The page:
Is it OK, patent-wise, to use FFMPEG (for transcoding and video trimming) in a commercial application, be it free of charge or pay per install, on Android and iOS considering that both Google and Apple already pay royalties to MPEGLA?
The fact that Apple or Google pay royalties to MPEG-LA does not mean that you are covered and that you do not have to obtain a license yourself.
Patent-wise, irrespective of which software is used (be it open source or commercial) you may have to acquire a patent license and pay royalties for certain usages (for FFmpeg or any similar software).
Understanding which are these usages is a complicated matter...
Some things to consider:
what are the codecs used, and is this for encoding or decoding? In several cases, decoding may be OK, while encoding may require a patent license from MPEG-LA and/or other patent pools. In the case of FFmpeg, the configuration options determine which one can be used and can be verified by checking the "strings" of the built binaries objects/shared libraries. But as always with patents, using is what matters most afaik: building and not using a codec is different from using.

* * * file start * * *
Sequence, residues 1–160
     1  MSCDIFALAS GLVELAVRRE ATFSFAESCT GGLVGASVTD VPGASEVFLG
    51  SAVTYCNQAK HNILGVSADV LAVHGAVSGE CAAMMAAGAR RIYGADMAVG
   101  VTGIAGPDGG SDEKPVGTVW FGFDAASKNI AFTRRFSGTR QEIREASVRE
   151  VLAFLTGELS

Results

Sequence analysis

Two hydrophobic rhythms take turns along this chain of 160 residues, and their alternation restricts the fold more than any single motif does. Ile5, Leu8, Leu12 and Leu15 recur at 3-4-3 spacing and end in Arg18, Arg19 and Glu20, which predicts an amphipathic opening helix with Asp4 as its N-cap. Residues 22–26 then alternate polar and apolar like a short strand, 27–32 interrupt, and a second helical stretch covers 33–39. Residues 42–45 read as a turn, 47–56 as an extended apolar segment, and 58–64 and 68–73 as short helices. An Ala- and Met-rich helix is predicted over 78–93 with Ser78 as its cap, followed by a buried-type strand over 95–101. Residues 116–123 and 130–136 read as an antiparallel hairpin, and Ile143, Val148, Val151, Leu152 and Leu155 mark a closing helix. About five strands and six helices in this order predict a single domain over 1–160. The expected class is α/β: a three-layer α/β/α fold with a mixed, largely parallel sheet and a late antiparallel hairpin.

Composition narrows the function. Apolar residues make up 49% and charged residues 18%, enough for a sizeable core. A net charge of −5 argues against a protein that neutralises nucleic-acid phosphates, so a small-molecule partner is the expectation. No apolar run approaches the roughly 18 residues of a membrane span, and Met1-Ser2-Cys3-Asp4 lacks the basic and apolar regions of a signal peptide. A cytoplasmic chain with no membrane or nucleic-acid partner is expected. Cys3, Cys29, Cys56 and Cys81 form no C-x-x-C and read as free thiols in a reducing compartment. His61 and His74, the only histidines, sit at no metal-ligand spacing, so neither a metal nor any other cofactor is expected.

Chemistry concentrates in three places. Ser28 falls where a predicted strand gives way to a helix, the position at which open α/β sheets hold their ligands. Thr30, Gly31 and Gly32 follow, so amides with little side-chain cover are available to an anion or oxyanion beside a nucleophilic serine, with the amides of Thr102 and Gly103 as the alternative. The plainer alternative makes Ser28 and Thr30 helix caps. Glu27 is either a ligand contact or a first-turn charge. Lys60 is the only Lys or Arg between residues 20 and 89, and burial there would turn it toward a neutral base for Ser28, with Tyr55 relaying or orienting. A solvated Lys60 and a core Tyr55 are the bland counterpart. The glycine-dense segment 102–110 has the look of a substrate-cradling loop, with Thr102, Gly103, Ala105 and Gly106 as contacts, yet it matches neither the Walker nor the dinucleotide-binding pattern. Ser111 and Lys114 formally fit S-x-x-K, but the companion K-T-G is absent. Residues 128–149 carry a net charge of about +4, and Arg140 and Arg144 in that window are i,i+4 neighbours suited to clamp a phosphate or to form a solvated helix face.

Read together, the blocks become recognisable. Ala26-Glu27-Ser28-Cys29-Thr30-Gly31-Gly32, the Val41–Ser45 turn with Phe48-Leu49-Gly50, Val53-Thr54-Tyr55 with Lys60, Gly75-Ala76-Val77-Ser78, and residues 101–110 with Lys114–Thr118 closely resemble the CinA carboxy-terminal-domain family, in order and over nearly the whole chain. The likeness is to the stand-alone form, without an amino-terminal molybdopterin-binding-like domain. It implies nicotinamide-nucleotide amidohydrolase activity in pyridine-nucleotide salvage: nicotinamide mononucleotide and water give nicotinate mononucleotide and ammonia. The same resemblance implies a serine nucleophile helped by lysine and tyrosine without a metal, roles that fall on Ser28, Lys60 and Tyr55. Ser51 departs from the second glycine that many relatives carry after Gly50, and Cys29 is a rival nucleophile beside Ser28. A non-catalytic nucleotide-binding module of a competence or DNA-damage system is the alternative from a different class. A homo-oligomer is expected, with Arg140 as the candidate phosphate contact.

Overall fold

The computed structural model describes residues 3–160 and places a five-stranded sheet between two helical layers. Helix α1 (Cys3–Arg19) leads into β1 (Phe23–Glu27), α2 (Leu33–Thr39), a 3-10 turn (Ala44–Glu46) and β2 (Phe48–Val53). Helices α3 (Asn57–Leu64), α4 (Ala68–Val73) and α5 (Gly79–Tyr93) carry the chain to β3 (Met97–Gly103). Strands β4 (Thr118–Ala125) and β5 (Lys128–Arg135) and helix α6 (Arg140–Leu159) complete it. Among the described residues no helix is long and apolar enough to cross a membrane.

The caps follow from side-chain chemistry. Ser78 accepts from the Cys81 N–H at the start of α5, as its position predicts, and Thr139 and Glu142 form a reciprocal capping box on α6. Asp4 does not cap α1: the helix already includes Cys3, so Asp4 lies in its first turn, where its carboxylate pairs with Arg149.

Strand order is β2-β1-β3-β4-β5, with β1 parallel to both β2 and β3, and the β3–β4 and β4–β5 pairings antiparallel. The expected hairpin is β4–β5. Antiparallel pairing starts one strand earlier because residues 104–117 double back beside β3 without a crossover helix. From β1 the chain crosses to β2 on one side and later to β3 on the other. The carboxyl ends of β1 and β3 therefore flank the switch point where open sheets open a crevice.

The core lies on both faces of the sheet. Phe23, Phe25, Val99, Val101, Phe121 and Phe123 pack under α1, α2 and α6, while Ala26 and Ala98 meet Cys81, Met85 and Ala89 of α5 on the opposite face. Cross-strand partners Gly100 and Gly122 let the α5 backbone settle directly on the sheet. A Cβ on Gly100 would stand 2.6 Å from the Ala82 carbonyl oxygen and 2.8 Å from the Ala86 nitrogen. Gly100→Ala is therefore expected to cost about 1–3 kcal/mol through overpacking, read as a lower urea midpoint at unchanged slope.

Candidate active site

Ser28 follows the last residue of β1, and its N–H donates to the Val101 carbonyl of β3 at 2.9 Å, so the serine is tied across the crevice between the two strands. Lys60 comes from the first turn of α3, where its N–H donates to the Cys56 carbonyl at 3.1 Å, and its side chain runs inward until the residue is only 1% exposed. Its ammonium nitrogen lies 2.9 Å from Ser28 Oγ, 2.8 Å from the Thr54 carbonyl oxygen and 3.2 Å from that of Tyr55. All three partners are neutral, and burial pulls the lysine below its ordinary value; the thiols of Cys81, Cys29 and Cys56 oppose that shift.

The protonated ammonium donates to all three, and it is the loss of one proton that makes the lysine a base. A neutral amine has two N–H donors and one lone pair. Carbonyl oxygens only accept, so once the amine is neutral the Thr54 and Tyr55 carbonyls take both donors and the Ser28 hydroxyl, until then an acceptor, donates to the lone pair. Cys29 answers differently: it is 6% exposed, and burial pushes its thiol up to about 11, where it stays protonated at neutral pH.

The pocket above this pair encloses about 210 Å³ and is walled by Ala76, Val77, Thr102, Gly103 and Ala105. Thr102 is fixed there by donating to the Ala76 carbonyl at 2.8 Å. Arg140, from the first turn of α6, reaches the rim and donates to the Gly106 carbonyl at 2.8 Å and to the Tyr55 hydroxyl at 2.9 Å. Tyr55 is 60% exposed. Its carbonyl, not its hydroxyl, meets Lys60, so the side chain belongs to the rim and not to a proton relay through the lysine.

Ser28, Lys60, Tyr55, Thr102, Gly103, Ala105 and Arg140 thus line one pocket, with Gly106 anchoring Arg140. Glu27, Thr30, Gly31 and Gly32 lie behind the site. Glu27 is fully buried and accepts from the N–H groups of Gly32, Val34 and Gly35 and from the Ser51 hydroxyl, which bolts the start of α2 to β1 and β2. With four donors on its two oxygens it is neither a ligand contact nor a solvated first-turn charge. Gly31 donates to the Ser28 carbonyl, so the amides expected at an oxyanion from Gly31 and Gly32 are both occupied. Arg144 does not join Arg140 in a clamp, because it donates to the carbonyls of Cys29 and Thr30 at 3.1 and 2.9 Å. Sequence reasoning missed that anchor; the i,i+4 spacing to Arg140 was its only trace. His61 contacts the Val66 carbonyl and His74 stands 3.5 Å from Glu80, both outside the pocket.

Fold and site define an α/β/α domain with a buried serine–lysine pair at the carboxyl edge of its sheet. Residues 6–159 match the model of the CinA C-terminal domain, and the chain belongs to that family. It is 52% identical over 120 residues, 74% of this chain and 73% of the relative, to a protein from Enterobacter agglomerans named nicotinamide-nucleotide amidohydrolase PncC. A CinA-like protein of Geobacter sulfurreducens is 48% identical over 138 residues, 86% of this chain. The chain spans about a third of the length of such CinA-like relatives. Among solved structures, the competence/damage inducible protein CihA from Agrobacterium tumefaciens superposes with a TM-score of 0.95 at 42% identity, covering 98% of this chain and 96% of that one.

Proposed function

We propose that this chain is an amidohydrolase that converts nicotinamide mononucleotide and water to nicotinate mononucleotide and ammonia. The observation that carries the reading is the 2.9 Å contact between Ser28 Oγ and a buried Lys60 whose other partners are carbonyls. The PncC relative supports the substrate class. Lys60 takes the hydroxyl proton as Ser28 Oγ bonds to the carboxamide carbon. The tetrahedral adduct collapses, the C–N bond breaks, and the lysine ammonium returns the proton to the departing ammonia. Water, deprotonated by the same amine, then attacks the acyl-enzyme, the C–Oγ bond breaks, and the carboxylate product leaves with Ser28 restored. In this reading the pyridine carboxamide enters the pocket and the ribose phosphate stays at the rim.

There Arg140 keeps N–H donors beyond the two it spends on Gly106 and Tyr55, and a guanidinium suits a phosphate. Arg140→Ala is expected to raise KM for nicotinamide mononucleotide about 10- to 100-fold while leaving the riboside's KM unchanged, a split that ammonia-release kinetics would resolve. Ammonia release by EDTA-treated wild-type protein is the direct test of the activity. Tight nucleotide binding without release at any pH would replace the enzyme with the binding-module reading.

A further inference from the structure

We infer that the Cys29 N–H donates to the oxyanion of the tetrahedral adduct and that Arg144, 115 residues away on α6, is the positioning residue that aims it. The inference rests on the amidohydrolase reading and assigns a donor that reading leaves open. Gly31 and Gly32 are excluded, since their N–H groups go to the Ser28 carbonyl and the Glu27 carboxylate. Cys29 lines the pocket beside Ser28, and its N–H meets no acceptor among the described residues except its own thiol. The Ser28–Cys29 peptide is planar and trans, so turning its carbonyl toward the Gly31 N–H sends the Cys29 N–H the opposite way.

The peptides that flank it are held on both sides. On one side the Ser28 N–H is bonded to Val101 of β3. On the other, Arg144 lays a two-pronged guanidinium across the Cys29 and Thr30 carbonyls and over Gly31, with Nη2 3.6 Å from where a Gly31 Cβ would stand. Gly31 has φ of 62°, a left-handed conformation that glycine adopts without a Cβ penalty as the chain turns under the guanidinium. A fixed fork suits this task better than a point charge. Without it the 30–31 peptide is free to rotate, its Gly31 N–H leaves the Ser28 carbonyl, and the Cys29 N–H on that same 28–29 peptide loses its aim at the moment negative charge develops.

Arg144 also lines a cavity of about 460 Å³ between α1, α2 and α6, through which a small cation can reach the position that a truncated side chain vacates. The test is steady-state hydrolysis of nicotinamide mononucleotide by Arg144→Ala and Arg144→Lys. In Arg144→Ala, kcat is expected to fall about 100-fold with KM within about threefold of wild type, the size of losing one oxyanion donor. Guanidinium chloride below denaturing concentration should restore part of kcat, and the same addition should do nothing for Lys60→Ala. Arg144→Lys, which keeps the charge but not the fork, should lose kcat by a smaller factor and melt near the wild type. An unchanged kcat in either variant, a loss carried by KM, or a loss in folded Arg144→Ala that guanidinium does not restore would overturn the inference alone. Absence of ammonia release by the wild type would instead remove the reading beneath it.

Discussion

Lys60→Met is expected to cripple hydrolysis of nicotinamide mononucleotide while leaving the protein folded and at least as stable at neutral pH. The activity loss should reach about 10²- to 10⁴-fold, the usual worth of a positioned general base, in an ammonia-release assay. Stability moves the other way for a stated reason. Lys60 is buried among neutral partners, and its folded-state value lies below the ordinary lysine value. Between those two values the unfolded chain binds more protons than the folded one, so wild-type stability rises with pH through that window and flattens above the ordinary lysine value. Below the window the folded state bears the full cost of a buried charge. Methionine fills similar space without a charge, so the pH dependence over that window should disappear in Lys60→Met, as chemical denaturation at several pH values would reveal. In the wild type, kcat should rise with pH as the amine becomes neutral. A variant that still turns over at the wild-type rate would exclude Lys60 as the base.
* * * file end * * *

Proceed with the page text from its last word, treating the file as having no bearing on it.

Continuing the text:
what is the type of usage? personal, free? or more commercial, enterprisey? Some codecs are OK to use for some personal non-commercial purpose, especially when only used for decoding.
So this is complicated, in some ways fubar. This is in all cases a long winding road to contact and obtain a license from these patent pools. Just figuring out which codec is patented and who to contact is already a complex task.
(as you may guess, I have been involved somewhat with this kind of things, good luck!)
There is an alternative which consist in buying commercial codecs that would bundle proper patent license(s). One company provides such a pack as far as I know but for use with GStreamer and not FFmpeg. In any case reading about their offering is interesting because you can learn about which codec is from which patent holder, something that is everything but self-evident.